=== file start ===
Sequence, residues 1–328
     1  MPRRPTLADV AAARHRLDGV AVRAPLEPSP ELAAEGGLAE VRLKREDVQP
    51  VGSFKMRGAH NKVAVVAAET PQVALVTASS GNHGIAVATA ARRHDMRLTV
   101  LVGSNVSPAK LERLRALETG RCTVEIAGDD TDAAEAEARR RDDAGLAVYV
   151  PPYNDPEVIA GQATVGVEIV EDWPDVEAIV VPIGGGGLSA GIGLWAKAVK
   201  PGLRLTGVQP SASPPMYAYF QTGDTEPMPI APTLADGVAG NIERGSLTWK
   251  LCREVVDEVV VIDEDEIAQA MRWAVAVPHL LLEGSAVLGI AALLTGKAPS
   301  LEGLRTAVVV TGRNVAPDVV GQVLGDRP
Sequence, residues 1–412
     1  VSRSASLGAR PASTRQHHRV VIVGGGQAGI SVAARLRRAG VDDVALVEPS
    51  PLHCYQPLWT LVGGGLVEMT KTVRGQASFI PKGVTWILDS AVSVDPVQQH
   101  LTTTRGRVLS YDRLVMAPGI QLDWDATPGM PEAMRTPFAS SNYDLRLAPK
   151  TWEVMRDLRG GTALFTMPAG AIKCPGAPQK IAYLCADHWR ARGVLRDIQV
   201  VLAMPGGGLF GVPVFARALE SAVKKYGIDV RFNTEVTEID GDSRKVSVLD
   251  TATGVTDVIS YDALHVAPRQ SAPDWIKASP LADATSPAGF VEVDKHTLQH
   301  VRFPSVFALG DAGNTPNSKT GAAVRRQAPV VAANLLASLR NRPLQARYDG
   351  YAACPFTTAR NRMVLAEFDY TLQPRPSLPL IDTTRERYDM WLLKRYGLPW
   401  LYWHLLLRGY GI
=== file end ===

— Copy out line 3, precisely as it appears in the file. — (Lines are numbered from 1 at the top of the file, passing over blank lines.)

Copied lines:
    51  VGSFKMRGAH NKVAVVAAET PQVALVTASS GNHGIAVATA ARRHDMRLTV